For thousands of years, the elements of fire, water, air, and earth have been used to produce a building material of incomparable usefulness and attractiveness. Clay brick, as a natural and sustainable building material, can also contribute to a healthy indoor climate conducive to well-being
Nowadays most bricks in the UK are made to a standard brick size of 215mm long, 102.5mm wide and 65mm high (with alternative size options available) and laid with a nominal 10mm mortar joint.
Produced using a centuries old manufacturing process, handmade bricks offer a gently creased texture, an irregular shape and an indent in the top of the brick known as a “frog”.
At a rate of around 100 bricks per hour, the hand maker forms a roughly shaped clot which is then coated with sand and thrown into a pre-sanded mould box. The sands helped release the clay from the mould. A kicker is placed on the bottom of the mould to form a frog, which helps to spread the clay into the corners, aiding the drying and firing process.
Stock bricks, also known as soft mud, have a more traditional or reclaimed appearance, offering a softer and warmer brick aesthetic.
Soft mud brick moulding covers a number of automated manufacturing processes where bricks are formed using mould boxes. Machine manufacturing of soft mud bricks follows the processes of hand making, recreating the hand thrown technique by throwing the clay into sanded moulds using belts.
Waterstruck soft mud bricks are made by using water instead of sand to release the clay from the moulds, creating a distinctive textured finish.
Waterstruck bricks have a unique texture as a result of the use of water within the moulding and demoulding process.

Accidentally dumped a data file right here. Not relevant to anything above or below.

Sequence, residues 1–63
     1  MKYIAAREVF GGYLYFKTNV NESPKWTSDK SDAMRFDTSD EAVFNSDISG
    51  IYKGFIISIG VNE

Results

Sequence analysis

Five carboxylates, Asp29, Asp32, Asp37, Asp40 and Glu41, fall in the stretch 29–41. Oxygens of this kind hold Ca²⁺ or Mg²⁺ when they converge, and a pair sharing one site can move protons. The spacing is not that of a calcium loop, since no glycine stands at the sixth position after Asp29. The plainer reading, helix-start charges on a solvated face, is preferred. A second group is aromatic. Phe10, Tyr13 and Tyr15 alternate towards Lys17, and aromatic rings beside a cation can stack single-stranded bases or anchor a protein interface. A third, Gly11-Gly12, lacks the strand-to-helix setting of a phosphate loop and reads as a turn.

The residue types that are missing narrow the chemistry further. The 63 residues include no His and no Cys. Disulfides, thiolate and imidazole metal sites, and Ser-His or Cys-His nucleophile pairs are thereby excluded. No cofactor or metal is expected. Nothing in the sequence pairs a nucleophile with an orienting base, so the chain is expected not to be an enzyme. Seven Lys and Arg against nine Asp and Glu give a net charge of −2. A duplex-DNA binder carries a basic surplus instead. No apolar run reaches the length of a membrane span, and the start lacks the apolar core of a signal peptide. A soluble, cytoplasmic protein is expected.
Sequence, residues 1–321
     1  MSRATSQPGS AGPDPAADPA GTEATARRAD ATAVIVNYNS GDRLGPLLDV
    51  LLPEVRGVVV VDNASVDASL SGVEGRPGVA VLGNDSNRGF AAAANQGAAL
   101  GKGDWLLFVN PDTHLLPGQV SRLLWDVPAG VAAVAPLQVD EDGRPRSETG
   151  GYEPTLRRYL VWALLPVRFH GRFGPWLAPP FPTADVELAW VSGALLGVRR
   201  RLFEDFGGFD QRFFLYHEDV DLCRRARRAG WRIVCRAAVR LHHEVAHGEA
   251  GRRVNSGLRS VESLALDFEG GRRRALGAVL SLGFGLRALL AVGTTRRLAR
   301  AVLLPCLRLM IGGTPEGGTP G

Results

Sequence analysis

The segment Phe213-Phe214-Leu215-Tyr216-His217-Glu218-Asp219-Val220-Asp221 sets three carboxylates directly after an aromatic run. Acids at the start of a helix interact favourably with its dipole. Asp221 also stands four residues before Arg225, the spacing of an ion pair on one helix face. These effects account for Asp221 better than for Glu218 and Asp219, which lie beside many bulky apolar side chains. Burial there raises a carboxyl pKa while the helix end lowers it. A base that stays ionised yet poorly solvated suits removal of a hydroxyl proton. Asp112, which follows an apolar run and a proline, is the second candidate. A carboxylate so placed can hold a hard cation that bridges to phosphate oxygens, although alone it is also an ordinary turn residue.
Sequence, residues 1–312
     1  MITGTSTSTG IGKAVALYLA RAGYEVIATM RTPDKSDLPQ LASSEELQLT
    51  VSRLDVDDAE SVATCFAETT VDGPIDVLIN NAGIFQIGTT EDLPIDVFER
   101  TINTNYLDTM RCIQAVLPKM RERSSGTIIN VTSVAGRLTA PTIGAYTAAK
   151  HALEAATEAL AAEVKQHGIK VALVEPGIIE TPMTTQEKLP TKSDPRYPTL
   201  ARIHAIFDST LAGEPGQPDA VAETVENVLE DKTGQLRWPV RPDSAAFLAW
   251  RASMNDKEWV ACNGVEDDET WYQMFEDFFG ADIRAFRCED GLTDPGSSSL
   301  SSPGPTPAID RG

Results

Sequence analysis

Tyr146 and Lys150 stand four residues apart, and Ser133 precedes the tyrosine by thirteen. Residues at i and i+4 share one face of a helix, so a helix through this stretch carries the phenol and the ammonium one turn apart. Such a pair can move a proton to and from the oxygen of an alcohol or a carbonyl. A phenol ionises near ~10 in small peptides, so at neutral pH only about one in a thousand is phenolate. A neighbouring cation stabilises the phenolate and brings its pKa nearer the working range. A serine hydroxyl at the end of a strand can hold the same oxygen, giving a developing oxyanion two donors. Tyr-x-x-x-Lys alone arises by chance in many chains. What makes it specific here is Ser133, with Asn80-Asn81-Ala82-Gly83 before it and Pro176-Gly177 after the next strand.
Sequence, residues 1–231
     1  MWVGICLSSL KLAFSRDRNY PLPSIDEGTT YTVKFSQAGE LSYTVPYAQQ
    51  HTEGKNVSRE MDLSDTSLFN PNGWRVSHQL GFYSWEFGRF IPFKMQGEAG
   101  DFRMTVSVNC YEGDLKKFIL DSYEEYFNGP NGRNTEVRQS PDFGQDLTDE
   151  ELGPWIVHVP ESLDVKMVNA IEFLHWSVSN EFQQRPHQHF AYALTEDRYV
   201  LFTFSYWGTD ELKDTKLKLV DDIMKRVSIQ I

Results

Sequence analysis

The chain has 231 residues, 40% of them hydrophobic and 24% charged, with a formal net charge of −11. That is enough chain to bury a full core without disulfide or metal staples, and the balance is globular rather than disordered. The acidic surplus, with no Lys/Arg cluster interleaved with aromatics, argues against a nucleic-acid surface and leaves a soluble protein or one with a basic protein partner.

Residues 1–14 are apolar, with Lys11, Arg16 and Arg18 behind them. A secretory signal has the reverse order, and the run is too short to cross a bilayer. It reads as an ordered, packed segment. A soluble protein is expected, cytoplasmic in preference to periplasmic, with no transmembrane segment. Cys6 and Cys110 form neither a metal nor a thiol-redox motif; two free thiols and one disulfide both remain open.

Using a traditional softmud process, wet clay is pressed into moulds lubricated with water to prevent sticking. Excess clay is then struck from the top of the moulds, hence the term “waterstruck”. This produces a distinctive natural texture and a striking rustic aesthetic unachievable through any other manufacturing process. They are often solid bricks although some waterstruck bricks do have frogs.
The wirecut, or extruded, method is popular as it allows for a high volume of bricks to be manufactured quickly, around 20,000 bricks an hour. The clay is driven through an extrusion head to form a continuous column. The column is then cut into smaller, more manageable pieces approximately 1.5m in length known as ‘slugs’, which are cut into bricks of the desired length by row wires.
This manufacturing process produces hard, dense bricks with a consistent size and shape, sharp arises and a contemporary appearance.
Made using the same process as wirecut bricks, engineering bricks are selected for their enhanced technical performance rather than their appearance.
They are traditionally used in civil engineering and are most suitable for applications where strength and resistance to frost attack and water are important.
Engineering bricks are rated as Class A or Class B, with Class A being the strongest but Class B being more common. Class A bricks have a compressive strength greater than 125N/mm² and water absorption less than 4.5%. Class B bricks have a compressive strength greater than 75N/mm² and water absorption less than 7%.
Long Format Bricks
When it comes to making a design statement in construction, the use of different brick sizes offers exciting opportunities to create truly spectacular projects. A growing number of architects and designers are looking to use more unusual or uncommon brick dimensions, beyond the standard 215 x 65mm, to make their projects stand out from the crowd.
Long format bricks essentially offer a longer, leaner look than standard UK format bricks. For example, Wienerberger’s Roman bricks are available in size formats from 400 x 40mm up to 510 x 40mm.
At Wienerberger we’re proud to offer the widest range of bricks available in the UK, with hundreds of different colours, textures, styles and shapes to choose from, we’re confident that you’ll find the right brick for your project.
Visit www.wienerberger.co.uk to view the full collection and order a sample.
Bonding is the industry term that’s given to the pattern in which bricks are laid. Whilst the primary purpose of a bond is to ensure the brickwork is strong and stable, it can also have a dramatic effect on the visual appearance of a wall. Here’s a short guide to some of the different bonding patterns available.
Bricks are produced using a variety of manufacturing techniques which create very different aesthetic effects and performance qualities. Here’s a quick guide to the different types of facing brick available.